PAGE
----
Tuesday night, February 14, at least 357 prisoners died in a fire at La Granja penitentiary in Comayagua, Honduras, in one of the worst prison fires in the past century. The fire, though, is only the latest deadly outcome of the larger politically driven firestorm that is Honduras today. The Comayagua fire must be understood in the context of the near-total breakdown of the Honduran state since the June 28, 2009, military coup that overthrew democratically elected President José Manuel Zelaya.
Honduran authorities were quick to insist that the dead were hardened criminals and blame the fire on a crazy inmate who set his own mattress on fire. But human rights advocates, prison experts, and the opposition media have been quick to underscore that the biggest criminals in this story are the police and the Honduran state.
Daniel Orellana, director of prisons until he was suspended in the fire’s aftermath, was the mastermind managing the Honduras police during and after the military coup, according to the July 2011 report of the Commission of Truth and Reconciliation convened by the coup government of President Porfirio Lobo. Héctor Ivan Mejía, currently the police spokesperson reporting to the public about the Comayagua fire, was previously fired as chief of police of the nation’s second-largest city, San Pedro Sula, in part because he issued the notorious order to tear gas a peaceful opposition demonstration on September 15, 2010, including a high school marching band.
When the fire broke out just before 11 pm, the prisoners were locked into spectacularly overcrowded cells, in some cases sixty to a room. Their guards, ordinary police, in many cases didn’t have keys or refused to use them and fled, abandoning the screaming prisoners. Rubén García, a survivor, has testified that guards shot at the prisoners before fleeing. Outside, police held back firefighters for thirty minutes before allowing them to enter.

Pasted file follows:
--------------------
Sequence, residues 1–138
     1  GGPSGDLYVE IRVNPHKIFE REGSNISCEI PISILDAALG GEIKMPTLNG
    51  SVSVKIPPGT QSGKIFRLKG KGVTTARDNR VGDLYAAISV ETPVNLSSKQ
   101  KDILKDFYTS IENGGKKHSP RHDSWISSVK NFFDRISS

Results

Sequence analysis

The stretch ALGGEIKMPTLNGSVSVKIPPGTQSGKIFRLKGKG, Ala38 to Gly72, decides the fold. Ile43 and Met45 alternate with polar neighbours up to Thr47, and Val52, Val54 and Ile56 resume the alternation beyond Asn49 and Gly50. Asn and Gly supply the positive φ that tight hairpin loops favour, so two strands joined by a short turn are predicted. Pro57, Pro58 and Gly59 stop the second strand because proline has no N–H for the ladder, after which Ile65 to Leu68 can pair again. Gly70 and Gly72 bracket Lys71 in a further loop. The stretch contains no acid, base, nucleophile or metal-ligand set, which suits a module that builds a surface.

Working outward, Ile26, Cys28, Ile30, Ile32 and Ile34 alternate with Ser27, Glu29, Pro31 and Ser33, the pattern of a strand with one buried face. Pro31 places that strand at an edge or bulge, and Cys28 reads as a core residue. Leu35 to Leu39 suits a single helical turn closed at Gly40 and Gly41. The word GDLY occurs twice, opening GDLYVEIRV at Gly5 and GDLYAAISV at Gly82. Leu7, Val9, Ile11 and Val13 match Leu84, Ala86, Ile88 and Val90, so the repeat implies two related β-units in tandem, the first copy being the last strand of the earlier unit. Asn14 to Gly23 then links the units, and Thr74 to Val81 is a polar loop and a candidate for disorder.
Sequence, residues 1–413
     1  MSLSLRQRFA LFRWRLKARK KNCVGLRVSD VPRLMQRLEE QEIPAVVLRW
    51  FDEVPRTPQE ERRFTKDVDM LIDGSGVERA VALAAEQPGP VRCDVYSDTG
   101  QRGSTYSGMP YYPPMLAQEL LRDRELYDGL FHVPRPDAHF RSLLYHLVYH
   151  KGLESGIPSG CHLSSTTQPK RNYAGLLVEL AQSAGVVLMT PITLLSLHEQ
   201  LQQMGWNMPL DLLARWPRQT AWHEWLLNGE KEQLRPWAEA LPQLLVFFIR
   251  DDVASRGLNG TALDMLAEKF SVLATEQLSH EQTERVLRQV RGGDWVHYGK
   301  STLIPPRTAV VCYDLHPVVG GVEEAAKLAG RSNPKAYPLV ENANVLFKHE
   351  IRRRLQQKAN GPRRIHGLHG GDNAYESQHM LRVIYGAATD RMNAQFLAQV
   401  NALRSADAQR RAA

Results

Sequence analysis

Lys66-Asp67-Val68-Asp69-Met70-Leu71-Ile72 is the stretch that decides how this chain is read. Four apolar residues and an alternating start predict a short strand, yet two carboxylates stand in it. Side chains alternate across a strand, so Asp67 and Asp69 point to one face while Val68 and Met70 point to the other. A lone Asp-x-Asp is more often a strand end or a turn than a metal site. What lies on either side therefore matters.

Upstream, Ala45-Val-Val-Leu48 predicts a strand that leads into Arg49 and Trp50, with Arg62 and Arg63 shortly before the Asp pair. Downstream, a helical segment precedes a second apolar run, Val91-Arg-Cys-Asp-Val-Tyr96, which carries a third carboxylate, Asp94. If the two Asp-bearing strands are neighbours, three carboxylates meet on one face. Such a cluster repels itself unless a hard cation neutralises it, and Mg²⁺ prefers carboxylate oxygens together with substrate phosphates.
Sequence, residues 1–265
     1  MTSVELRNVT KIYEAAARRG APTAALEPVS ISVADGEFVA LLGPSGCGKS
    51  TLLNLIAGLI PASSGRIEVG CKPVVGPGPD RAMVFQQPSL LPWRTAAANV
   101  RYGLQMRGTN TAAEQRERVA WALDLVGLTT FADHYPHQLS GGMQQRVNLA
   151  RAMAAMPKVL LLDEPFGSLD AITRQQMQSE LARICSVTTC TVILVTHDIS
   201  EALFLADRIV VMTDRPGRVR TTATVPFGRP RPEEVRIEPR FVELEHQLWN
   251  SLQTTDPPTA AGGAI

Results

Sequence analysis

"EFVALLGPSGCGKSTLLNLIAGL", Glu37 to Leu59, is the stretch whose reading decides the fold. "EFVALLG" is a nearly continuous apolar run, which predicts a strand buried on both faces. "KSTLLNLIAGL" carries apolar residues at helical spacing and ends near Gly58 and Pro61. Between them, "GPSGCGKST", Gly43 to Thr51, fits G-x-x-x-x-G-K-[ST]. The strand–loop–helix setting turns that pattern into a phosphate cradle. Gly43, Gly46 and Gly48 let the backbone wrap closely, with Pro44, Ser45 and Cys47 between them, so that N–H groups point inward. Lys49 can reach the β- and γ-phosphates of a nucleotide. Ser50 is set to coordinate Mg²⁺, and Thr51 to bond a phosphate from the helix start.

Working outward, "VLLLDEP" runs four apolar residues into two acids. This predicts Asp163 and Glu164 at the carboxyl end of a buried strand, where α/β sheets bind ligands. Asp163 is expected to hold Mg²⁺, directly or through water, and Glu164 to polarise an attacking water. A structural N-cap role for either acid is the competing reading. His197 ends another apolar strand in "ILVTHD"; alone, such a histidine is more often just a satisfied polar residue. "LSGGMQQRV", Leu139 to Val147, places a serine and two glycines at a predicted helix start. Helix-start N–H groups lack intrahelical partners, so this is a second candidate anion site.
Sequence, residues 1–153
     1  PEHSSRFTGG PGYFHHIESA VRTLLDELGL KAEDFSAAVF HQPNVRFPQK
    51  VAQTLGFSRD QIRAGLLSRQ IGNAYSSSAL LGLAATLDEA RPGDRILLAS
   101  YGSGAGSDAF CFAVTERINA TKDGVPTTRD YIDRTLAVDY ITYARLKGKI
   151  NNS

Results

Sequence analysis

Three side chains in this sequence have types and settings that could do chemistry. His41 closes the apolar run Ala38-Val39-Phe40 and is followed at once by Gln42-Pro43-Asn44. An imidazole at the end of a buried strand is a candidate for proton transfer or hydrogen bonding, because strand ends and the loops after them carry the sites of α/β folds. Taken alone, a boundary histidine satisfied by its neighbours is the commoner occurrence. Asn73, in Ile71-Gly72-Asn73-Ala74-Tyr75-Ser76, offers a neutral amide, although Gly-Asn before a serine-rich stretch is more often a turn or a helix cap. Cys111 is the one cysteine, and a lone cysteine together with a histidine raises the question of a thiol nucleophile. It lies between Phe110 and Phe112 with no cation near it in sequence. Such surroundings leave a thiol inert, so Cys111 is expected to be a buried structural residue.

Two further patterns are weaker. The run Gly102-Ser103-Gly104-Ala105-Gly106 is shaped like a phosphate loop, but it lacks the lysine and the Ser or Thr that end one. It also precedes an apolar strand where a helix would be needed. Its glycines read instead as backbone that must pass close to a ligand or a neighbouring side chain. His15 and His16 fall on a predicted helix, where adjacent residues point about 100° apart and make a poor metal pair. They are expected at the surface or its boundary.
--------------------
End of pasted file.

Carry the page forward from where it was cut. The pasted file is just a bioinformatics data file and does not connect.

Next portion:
Although some of the inmates were, indeed, gang members and drug traffickers, as the media has reported, the Comayagua penitentiary is a second-tier prison, housing ordinary criminals from the area; the most dangerous are housed in the capital, Tegucigalpa. Many of them had never been convicted and were awaiting court dates that would never arrive, in a country widely acknowledged to have no functioning judicial system.
When the fire broke out, their family members rushed to the prison, only to be met by bullets and tear gas. All the following day the Jesuits’ opposition radio station, Radio Progreso, read out the names of the dead, and the incantation of their classic Honduran names underscored the magnitude of the blow to the Honduran people.
This is the country’s third major prison fire in recent years. In 2003, police deliberately set a fire killing 69 gang members in El Porvenir. In 2004, 104 inmates died in San Pedro Sula, unable to escape. In both cases the government called for dramatic reform; yet conditions worsened.